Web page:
Emilia's remnants appear as a light swirl of clouds on satellite imagery from NOAA's GOES-15 satellite. GOES-15 sits in a fixed orbit over the western U.S. and provides weather imagery. In an image from July 16 at 1500 UTC (11 a.m. EDT) while Hawaii was still in the pre-dawn hours, infrared imagery on GOES-15 captured the ghostly image of Hurricane Emilia's remnants.
This image was taken on July 16, 2012, at 1500 UTC (11 a.m. EDT) from the GOES-15 satellite. It shows the remnants of Hurricane Emilia southeast of Hawaii, and Hurricane Fabio far to the east. Emilia is seen by infrared imagery because the storm is in darkness, while Fabio is seen in visible light. Credit: Credit: NASA GOES Project
Those remnants were about 800 miles east-southeast of Hilo and are moving to the west at close to 20 mph. The National Hurricane Center noted that conditions are not favorable for re-development.
Meanwhile, the showstopper continues to be Hurricane Fabio, although now weaker than it was over the weekend. Fabio is in the daylight and is shown in GOES-15 visible imagery. Both the infrared and visible imagery were combined by NASA's GOES Project, located at the NASA Goddard Space Flight Center in Greenbelt, Md. NOAA manages the GOES satellites, but NASA's GOES project creates images and animations.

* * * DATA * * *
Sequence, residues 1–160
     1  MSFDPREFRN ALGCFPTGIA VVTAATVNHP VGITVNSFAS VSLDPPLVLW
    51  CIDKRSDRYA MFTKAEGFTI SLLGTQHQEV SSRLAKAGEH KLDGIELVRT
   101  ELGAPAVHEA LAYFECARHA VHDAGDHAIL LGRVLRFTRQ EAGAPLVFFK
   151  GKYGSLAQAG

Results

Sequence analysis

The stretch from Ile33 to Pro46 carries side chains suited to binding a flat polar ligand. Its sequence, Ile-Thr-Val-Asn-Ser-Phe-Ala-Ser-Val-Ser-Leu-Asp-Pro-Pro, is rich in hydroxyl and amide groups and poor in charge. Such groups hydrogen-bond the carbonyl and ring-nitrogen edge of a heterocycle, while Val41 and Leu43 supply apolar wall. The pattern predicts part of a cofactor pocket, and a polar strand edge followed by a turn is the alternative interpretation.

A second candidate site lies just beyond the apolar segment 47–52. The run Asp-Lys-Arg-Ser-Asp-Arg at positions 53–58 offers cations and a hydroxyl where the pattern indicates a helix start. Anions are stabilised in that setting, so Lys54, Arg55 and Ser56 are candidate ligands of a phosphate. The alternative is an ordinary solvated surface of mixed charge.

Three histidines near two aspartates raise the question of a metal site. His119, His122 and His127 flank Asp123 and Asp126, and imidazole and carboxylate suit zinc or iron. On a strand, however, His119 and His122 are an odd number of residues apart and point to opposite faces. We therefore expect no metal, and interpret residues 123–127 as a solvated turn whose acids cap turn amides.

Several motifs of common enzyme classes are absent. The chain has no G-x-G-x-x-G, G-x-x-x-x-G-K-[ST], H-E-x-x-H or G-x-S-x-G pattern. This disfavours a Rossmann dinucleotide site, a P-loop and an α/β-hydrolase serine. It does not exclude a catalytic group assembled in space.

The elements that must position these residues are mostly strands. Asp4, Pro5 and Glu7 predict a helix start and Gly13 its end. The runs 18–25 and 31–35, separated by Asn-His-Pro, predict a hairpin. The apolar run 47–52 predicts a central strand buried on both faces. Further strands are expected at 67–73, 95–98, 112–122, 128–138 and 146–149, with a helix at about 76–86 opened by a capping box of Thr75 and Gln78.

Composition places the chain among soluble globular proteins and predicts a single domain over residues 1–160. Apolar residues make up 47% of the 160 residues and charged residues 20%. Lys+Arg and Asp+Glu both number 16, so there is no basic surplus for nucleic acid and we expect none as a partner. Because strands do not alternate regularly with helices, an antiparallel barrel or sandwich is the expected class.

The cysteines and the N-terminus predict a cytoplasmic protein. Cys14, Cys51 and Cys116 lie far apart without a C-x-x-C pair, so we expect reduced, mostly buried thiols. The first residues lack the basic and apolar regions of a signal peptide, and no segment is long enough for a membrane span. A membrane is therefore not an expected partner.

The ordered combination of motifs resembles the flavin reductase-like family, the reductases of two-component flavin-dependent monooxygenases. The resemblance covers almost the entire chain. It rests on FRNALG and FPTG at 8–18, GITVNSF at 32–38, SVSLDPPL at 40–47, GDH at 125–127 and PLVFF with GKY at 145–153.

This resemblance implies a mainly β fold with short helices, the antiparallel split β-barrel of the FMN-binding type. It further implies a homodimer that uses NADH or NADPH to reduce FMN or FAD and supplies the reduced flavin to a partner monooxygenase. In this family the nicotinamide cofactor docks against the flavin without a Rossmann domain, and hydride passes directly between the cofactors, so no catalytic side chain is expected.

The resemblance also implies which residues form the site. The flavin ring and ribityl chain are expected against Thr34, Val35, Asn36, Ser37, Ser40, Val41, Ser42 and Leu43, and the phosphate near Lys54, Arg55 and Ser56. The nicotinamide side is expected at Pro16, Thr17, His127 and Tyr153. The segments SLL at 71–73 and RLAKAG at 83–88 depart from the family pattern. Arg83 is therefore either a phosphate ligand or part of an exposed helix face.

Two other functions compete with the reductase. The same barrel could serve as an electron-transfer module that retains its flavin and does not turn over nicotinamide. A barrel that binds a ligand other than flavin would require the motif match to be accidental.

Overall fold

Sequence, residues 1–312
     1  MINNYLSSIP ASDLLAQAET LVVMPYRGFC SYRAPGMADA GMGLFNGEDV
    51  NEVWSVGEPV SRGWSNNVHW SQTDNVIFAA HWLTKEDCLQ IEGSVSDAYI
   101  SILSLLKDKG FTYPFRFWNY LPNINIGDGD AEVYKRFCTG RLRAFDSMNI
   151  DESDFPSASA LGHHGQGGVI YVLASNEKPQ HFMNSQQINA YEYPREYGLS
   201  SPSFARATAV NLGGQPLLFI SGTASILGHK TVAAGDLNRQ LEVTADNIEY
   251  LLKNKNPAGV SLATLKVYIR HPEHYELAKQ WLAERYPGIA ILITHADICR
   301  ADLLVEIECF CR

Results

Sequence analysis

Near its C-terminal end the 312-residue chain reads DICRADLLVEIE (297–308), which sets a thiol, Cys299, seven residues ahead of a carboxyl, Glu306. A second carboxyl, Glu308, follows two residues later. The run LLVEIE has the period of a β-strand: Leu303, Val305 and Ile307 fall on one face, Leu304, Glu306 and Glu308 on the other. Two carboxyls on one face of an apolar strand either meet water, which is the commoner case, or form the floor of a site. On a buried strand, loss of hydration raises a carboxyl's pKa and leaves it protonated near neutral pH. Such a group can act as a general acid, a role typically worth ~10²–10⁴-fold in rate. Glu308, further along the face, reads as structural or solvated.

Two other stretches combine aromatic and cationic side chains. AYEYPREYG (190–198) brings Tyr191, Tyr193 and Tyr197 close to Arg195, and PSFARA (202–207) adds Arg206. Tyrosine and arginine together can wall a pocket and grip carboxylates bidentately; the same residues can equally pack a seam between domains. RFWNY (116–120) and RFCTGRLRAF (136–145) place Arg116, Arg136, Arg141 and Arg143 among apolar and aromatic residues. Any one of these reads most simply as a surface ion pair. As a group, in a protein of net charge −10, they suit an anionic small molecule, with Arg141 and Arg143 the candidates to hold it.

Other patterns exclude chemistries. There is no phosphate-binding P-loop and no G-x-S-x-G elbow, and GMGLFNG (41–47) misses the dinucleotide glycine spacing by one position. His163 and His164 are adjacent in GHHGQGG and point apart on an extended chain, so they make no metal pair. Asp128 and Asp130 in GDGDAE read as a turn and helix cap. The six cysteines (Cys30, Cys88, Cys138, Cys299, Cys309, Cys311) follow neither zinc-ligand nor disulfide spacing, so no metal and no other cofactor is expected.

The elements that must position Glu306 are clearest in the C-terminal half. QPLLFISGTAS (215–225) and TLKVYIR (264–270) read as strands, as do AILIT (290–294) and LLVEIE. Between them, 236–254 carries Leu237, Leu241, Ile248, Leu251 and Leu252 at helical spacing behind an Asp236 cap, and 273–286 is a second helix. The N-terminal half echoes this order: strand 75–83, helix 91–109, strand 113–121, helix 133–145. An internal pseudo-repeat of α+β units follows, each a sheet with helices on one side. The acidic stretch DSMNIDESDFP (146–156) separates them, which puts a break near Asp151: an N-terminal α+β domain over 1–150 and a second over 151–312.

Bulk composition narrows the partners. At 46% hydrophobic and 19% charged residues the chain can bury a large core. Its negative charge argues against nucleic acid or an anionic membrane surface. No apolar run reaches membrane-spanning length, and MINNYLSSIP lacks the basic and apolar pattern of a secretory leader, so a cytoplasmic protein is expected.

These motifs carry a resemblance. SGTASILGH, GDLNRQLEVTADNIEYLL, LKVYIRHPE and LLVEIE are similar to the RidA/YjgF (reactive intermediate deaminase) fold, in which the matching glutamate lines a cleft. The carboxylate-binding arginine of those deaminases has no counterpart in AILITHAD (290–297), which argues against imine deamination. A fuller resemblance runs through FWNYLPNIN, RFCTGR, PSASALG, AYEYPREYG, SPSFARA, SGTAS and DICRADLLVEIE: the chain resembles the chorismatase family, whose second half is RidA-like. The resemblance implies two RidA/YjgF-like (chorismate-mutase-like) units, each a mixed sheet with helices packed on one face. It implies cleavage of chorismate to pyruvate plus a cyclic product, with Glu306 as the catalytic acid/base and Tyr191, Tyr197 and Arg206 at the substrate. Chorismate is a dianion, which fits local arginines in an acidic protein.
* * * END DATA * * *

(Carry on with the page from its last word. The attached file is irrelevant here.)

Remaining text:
At 11 a.m. EDT on July 16, Fabio took a northwesterly turn. Fabio is now headed northwest at 8 mph (13 kmh) and is expected to turn to the north over the next couple of days, according to the National Hurricane Center. Fabio is also moving into cooler waters which is expected to weaken the tropical cyclone down to depression status. Fabio's maximum sustained winds were still near 75 mph (120 kmh) at 11 a.m. EDT. Fabio was centered near 18.9 North and 119.9 West, about 700 miles (1,130 km) west-southwest of the southern tip of Baja California.
As Fabio continues to move closer to Baja California, ocean swells and rip currents are a concern along the coast there as well as in southern California.
Rob Gutro | EurekAlert!
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